On 3rd July 1947, 4,000 motorcyclists descended onto Hollister, California. With a population of only 4,500 and a seven-man police force, the town was overwhelmed. For three days, a rampage of bikers drove, drunk and slept on the streets. Immortalised in LIFE magazine, the events that occurred became the catalyst for the Outlaw Biker – a petrol-fuelled, chaos-causing trope that inspired the latest Cutler and Gross X The Great Frog collaboration.
However, the ‘Hollister Riot’, as it was dubbed, was perhaps not all that it seemed. From post-World War II veteran adventures to the birth of the ‘One-Percenters’, we chart the myth and might of the Outlaw Biker.
The Military Motorcycle Boom
Over the course of WWII, Harley-Davidson, Inc. supplied more than 90,000 motorcycles to the US armed forces. Thousands of serving soldiers learnt to ride during the war effort, returning home on their army surplus machines. Motorcycling clubs swelled in popularity, providing veterans with a much-sought-after sense of brotherhood, adventure, and adrenaline.
Pre-war, the biker community was a tamer type. Since the 1930s, the town of Hollister had hosted the annual American Motorcycle Association (AMA) Gypsy Tour rally, a social three-day event where approximately 1,000 riders would participate in organised hill climbs and field games such as tug-of-war and barrel racing.
Halted during the war, the Gypsy Tour returned to the rally calendar in 1947 and the number of attendees had quadrupled. The small town was overwhelmed, unable and unprepared to house or cater for the motorheads, who arrived in their thousands.
Bikers dragged-raced through the streets, which were littered with bottles and sleeping bodies. Fuelled by alcohol, scuffles broke out. The local bars, which had initially welcomed the influx of customers, closed early. Hollister’s seven-man police force was unable to handle the numbers so called in the state police.
Reportedly, most bikers – veterans accustomed to obeying authority – cooperated and took the party out of town. The chaos wound down, bikers drifted off in search of other destinations, and the town slowly returned to normal.
Hollister Riot or Rally?
Some argue that the event was then sensationalised by the press, dramatized most acutely in an image published in LIFE magazine.
Captured by photographer Barney Peterson, a drunken-eyed man reclines on a motorbike, alcohol in hand, surrounded by a sea of discarded bottles. It was accompanied by the headline: “Cyclist’s Holiday: He and Friends Terrorize Town”. With a cross-continent readership of nearly five million, the LIFE magazine article was damning. The image is widely considered to be the origin of the ‘outlaw biker’ trope, painting a picture of dangerous, speed-hungry mavericks that cause carnage and disrespect the law.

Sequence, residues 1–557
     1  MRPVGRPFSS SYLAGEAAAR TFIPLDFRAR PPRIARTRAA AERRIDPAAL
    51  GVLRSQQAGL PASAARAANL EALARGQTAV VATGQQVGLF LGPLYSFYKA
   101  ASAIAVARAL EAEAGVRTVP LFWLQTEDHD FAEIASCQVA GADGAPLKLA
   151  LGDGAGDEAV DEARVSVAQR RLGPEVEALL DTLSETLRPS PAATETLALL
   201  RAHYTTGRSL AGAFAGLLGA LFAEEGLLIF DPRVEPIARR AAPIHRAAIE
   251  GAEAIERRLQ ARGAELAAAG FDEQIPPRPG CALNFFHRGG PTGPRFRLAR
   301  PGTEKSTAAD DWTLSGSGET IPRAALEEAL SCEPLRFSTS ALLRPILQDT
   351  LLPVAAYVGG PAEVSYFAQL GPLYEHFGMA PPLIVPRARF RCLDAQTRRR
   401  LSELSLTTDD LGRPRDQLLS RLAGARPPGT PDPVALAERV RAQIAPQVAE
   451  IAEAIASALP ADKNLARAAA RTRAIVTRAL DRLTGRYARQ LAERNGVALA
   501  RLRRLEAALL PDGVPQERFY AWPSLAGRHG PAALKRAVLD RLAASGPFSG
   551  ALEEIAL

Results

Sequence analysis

However, the photograph was reportedly staged. It is alleged that eyewitnesses saw Peterson gathering bottles before positioning the bike in amongst the pile. Fact or fiction, it immortalised the idea of the rebel motorcyclist in the cultural consciousness.
In response to the LIFE magazine article, the AMA released a statement with the aim of distancing itself from this newly formed ‘outlaw’ image. They wrote that 99% of their members were law-abiding citizens, and only 1% were outlaws. The term the ‘One-Percenters’ was born, and rebel bikers embraced it.
The events at Hollister and the subsequent media coverage shifted the dialogue around the motorcycle community. It splintered into two groups, those recognised by the AMA, and the One-Percenters, who were not. Bikers donned their cut jackets and attached patches that pledged allegiance to their crew. The likes of the Hell’s Angels formed, adopting the One-Percenter label like a badge of honour, using it to define and harden their identity.
From Hollister to Hollywood
László Benedek’s 1953 classic ‘The Wild One’ was directly inspired by the 1947 Hollister riot. Marlon Brando portrayed the protagonist, gang leader, and now cultural icon – Johnny Strabler. Considered to be the first of its kind, the film spawned an entire genre around outlaw bikers. It was also one of the most controversial movies of its time.
A seismic shift in society took place during the 1950s. Post-war, post-rationing – the Baby Boom and increased affluence created a melting pot for a new youth culture. The younger generation began to challenge social norms and rebel against their parent’s values. Soundtracked by rock’n’roll music, the Generation Gap formed.
Clad in leather and denim, a brooding Brando was the poster boy for disaffected youths. In one iconic scene from ‘The Wild One’, his character is asked, “What are you rebelling against, Johnny?”, to which he nonchalantly drawls, “Whaddaya got?”. In those four slurring syllables, he succinctly summarised the generational desire to challenge the status quo.
As a result, the BBFC (British Board of Film Classification) banned the film almost immediately after it was released, stating that it portrayed ‘a spectacle of unbridled hooliganism’. The censorship remained until 1967, when the BBFC released it with an X rating.
The image of the Outlaw Biker has remained central in the imagination of Reino Lehtonen-Riley, The Great Frog’s creative director. As a young boy he would sit cross-legged in front of the TV, enthralled by the likes of Marlon Brando and Peter Fonda, and dream of switching his battered BMX for a petrol chrome machine.
Reino’s renegade roots and The Great Frog’s authentic links to hard rock counterculture laid the groundwork for the new collection of sunglasses and opticals. From subversive cat-eyes to statement squares, explore the latest Cutler and Gross X The Great Frog collection now.